various or diverse: sundry persons.


    all and sundry, everybody, collectively and individually: Free samples were given to all and sundry.

Origin of sundry

before 900; Middle English; Old English syndrig private, separate, equivalent to syndr- (mutated form of sundor asunder) + -ig -y1; akin to sunder
Related formssun·dri·ly, adverbsun·dri·ness, noun



plural noun

sundry things or items, especially small, miscellaneous items of little value.Compare notion(def 6).

Origin of sundries

First recorded in 1805–15; noun plural use of sundry Unabridged Based on the Random House Unabridged Dictionary, © Random House, Inc. 2019

Related Words for sundry

various, assorted, different, manifold, many, several, some, varied, divers

Examples from the Web for sundry

Contemporary Examples of sundry

Historical Examples of sundry

  • Faults of temper she may have had, and eke narrow prejudices on sundry points.

    In the Valley

    Harold Frederic

  • All around him he saw the prone bodies of his men, naked to the view of all and sundry.

    Slaves of Mercury

    Nat Schachner

  • It is the custom of the Asiatics, you know, to invite all and sundry to a wedding.

    A Hero of Our Time

    M. Y. Lermontov

  • The monster was minded of mankind now sundry to seize in the stately house.



  • The stuffing is of fern, feathers, mounga, and sundry other matters.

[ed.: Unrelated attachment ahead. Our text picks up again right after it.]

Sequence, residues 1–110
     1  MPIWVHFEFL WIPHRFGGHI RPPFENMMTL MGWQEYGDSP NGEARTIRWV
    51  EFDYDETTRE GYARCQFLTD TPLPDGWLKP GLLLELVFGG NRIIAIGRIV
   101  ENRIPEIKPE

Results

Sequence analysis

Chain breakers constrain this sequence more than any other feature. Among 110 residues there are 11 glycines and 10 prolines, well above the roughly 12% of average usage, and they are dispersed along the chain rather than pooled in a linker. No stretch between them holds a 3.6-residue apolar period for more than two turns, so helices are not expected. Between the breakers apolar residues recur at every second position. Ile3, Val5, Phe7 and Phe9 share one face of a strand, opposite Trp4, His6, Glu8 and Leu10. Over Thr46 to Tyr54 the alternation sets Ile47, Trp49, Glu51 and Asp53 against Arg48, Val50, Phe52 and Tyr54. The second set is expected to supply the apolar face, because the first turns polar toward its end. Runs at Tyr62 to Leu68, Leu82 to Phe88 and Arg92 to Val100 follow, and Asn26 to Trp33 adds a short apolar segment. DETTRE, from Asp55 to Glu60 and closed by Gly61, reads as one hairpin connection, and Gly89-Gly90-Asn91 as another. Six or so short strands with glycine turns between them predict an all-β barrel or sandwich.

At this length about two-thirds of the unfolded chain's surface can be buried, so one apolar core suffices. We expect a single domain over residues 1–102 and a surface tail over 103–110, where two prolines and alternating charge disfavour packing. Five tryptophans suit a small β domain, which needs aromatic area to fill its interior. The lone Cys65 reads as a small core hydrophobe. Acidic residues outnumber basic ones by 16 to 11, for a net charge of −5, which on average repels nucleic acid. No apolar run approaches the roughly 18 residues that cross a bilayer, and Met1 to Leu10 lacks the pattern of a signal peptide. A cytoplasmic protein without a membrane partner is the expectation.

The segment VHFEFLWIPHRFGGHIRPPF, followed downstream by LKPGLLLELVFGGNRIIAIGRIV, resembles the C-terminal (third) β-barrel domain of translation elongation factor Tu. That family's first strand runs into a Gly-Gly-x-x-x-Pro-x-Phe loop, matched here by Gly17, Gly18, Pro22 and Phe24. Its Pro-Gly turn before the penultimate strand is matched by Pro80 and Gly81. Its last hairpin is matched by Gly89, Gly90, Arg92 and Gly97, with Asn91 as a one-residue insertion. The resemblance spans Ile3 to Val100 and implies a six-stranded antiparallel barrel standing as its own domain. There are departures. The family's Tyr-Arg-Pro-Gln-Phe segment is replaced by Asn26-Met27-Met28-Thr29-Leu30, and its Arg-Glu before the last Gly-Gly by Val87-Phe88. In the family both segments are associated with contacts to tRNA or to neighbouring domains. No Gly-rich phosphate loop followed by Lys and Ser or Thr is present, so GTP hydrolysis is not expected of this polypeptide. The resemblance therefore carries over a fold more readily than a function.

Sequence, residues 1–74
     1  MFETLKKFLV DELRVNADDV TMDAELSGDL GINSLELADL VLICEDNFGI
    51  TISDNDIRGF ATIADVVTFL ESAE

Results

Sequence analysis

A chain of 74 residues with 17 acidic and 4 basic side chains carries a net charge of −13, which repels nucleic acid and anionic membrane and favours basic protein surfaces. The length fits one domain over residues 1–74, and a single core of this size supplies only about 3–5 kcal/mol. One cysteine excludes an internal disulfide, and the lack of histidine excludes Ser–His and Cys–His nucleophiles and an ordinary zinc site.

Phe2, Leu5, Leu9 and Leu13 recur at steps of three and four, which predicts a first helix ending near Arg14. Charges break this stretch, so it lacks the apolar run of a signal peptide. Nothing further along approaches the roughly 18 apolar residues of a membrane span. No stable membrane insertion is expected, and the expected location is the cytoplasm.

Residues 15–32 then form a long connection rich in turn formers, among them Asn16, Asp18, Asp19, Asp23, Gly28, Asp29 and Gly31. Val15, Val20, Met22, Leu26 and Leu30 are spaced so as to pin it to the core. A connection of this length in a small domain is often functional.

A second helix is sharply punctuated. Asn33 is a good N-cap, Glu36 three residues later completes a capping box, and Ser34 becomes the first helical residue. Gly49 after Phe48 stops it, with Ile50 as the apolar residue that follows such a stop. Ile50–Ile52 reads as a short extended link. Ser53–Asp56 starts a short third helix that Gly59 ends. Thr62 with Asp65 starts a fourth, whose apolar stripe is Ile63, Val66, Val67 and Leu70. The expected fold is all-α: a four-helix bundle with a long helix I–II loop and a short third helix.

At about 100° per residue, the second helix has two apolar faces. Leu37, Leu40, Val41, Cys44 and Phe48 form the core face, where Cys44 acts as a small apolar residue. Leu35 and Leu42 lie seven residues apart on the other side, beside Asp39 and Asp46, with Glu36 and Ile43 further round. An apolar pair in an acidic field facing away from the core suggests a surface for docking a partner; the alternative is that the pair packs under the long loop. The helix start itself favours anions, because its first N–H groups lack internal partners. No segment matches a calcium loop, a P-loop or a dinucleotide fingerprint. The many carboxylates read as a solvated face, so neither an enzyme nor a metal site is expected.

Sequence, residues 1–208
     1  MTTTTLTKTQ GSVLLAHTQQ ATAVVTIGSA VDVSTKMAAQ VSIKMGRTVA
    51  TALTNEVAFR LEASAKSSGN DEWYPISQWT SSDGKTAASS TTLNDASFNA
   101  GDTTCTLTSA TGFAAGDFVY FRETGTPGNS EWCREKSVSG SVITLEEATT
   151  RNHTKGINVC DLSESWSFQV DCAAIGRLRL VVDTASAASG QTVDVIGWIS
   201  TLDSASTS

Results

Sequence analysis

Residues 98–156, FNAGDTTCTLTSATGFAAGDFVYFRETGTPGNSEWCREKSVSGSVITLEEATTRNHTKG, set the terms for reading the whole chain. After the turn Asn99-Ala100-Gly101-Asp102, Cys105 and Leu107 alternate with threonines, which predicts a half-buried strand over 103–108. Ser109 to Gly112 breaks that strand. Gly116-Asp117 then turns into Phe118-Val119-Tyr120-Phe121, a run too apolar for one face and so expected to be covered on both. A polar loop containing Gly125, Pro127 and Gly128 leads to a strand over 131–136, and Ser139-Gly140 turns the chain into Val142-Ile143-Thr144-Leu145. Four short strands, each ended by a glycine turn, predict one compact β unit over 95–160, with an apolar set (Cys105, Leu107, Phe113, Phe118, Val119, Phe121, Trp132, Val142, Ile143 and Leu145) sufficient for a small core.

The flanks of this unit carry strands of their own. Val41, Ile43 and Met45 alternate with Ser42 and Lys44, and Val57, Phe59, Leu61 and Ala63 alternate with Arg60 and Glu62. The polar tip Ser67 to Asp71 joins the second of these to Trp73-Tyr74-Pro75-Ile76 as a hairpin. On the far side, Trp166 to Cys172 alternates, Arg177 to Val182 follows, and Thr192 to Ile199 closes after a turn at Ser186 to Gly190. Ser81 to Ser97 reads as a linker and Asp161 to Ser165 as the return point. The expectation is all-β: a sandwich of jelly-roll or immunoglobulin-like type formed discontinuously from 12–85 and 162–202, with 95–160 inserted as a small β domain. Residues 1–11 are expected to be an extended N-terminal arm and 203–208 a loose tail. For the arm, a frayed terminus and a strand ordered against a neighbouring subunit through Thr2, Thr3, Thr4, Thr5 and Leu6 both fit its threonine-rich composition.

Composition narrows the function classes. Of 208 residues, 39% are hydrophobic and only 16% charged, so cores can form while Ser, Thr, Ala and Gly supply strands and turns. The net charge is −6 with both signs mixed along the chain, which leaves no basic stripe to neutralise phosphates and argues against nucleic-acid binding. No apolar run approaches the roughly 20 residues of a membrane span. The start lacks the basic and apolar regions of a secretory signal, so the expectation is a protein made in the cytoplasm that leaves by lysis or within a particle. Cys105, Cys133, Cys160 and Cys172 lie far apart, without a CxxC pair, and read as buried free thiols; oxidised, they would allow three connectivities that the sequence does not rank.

British Dictionary definitions for sundry



several or various; miscellaneous


all and sundry all the various people, individually and collectively

noun plural -dries

(plural) miscellaneous unspecified items
also called: extra Australian cricket a run not scored from the bat, such as a wide, no-ball, bye, or leg bye

Word Origin for sundry

Old English syndrig separate; related to Old High German suntarīg; see sunder, -y 1
Collins English Dictionary - Complete & Unabridged 2012 Digital Edition © William Collins Sons & Co. Ltd. 1979, 1986 © HarperCollins Publishers 1998, 2000, 2003, 2005, 2006, 2007, 2009, 2012

Word Origin and History for sundry

Old English syndrig "separate, apart, special," related to sundor "separately" (see sunder). Phrase all and sundry first recorded 1389; sundries "odds and ends" is first found 1755.



1755, plural of sundry (adj.) used as a noun.

Online Etymology Dictionary, © 2010 Douglas Harper

Idioms and Phrases with sundry


see all and sundry.

The American Heritage® Idioms Dictionary Copyright © 2002, 2001, 1995 by Houghton Mifflin Harcourt Publishing Company. Published by Houghton Mifflin Harcourt Publishing Company.